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Thursday, January 05, 2006

CD REVIEWS - The Brothers Grimm and Brokeback Mountain

The Brothers Grimm
Music by Dario Marianelli
Milan 301 728-1 (EU)
17 tracks 71:50 mins

Dario Marianelli seems to have suddenly burst onto the scene, what with his pianistic score for the latest version of Pride and Prejudice and now Terry illiam's latest fantasy The Brothers Grimm, and he shows a real versatility in that the scores couldn't be more different. Grimm is a large orchestral-choral score and is given a very generous presentation on this lengthy album. Not only that, but many of the tracks are quite lengthy, with the music going through many moods within a single track. This however doesn't always make for the best listening experience away from the film, where I'm sure the music works admirably. Here, there are some great moments, but often these disappear into dark dissonances just as they are getting exciting and interesting.
Some of those moments include the big, lumbering march of a main theme in the album's opening and closing tracks; a mysterious, waltz-like theme, which is seemingly at the heart of every cue and goes through many variations; some exciting and menacing action in various cues; the regal then propulsive opening to The Queen's Story; some effective ethnic Xenaesque female vocalisms; and a lovely string theme of serene beauty, which brings moments of calm to proceedings.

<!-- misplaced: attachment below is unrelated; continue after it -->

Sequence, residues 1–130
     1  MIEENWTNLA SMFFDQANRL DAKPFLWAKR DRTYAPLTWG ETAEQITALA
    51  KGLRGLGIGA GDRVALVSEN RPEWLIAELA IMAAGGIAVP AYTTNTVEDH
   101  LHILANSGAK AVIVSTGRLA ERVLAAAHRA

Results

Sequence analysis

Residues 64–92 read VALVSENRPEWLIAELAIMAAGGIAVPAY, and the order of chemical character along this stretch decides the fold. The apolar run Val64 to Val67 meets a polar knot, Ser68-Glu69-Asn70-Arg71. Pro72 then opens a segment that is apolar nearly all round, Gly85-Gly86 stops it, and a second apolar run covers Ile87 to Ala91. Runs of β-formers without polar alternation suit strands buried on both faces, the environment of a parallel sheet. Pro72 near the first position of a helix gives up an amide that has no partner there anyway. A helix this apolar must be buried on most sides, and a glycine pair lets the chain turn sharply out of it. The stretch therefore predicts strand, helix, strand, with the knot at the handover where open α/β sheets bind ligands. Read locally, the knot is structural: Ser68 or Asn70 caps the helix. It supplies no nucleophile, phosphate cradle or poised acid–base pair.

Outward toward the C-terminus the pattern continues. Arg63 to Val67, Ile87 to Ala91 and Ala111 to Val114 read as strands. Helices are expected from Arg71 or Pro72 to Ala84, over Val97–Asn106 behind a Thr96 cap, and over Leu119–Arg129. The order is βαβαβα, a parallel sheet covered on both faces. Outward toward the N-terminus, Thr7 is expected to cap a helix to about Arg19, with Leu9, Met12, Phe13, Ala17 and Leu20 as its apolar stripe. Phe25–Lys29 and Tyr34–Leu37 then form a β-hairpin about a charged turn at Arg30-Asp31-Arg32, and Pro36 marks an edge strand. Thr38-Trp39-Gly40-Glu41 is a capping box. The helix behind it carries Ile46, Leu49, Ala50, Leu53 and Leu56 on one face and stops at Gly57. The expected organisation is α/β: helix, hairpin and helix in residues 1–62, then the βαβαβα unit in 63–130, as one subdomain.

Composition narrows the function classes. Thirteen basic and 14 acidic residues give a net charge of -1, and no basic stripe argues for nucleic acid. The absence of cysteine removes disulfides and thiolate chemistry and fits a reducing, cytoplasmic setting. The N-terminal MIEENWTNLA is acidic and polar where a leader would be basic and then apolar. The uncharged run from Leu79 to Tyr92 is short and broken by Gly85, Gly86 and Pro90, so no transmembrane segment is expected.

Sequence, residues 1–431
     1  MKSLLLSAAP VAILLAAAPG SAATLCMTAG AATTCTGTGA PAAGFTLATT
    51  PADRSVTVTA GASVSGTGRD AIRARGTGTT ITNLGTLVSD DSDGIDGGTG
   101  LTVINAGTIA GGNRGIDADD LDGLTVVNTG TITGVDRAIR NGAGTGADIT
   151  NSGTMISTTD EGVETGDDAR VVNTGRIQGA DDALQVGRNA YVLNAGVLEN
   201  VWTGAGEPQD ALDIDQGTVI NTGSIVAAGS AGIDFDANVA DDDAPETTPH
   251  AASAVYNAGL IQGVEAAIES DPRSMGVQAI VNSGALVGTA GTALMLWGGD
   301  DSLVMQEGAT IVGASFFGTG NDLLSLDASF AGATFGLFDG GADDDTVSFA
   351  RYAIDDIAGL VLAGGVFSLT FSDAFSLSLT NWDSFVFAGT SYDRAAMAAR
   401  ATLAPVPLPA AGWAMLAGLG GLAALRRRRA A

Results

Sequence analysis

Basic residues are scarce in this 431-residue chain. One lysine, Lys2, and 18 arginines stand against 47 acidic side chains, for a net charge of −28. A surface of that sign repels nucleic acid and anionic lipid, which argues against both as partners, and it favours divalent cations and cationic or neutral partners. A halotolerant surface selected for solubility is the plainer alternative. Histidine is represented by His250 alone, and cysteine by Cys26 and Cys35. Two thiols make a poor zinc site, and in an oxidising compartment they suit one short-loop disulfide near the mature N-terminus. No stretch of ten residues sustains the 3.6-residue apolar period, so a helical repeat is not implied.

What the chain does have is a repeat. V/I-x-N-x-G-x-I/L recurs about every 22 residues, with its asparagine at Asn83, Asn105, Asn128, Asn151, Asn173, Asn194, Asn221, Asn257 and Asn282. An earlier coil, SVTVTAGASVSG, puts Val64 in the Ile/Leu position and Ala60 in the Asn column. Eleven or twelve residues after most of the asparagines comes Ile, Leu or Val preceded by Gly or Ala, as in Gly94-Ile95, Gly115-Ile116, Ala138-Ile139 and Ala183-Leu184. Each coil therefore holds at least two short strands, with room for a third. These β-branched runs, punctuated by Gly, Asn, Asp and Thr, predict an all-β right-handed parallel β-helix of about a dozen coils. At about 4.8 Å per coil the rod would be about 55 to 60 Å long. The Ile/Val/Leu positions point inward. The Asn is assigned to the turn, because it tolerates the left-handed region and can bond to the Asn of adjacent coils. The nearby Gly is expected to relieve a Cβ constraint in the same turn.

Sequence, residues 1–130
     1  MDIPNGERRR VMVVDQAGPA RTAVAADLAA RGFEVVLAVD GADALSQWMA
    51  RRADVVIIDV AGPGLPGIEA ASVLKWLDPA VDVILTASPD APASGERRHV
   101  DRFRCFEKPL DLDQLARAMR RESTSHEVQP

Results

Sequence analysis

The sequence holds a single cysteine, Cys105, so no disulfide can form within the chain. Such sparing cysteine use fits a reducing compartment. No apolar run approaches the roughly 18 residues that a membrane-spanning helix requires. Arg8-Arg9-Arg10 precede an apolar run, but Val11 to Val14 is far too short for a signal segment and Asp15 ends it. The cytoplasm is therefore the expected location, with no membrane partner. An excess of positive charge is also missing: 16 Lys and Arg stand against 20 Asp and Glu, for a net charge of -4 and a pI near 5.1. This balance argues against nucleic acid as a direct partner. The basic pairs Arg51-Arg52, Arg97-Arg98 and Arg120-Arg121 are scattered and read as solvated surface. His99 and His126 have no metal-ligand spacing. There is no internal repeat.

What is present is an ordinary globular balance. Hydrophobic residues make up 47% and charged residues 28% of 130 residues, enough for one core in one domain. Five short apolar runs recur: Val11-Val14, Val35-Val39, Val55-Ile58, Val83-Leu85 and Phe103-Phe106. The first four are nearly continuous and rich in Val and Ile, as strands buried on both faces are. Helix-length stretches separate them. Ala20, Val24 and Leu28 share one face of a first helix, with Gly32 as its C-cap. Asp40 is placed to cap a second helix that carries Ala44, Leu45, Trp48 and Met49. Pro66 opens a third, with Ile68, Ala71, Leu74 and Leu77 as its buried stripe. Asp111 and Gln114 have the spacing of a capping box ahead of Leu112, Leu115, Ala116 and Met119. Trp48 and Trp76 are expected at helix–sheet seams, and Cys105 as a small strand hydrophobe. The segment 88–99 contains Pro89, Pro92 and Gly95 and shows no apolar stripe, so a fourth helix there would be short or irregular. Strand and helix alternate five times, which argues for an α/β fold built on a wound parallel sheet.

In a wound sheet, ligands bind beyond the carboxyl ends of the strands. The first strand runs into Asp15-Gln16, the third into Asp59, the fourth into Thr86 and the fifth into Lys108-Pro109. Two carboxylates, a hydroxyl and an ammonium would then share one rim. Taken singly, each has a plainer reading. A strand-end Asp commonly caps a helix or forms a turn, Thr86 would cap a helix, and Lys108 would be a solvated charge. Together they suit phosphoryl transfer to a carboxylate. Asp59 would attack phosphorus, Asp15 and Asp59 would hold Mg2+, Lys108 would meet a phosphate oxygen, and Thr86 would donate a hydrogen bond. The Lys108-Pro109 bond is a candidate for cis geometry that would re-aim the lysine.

Not an easy listen then, but stick with it and you will be rewarded here and there; and on the back of these two breakthrough scores, it will be interesting to see what 2006 has in store for Dario Marianelli.

Brokeback Mountain
Music by Gustavo Santaolalla
Verve Forecast 0602498865859 (EU)
17 Tracks 43:30 mins

Known widely as "the gay cowboy movie," a label that may deter many from paying good money at the box office, which would be a shame in view of its critical receptuion. As for the score, well it only accounts for 12 minutes or so of this album, and it's all pretty unmemorable, scored for acoustic guitar, pedal steel and strings. The title theme appears in three variations, the best being the first laid-back version. "Snow" features a travelling motif and "Riding Horses" is a brief and light mover. The closing score cue "The Wings" is the pick of the score and is quite uplifting.
The remainder of the album is given over to country songs, the best known artists perhaps being Willie Nelson, Steve Earle, Martina McBride and Linda Ronstadt. It's a nice selection, but is hardly likely to attract film music fans, just as Santaolalla's cues aren't going to attract country music fans.


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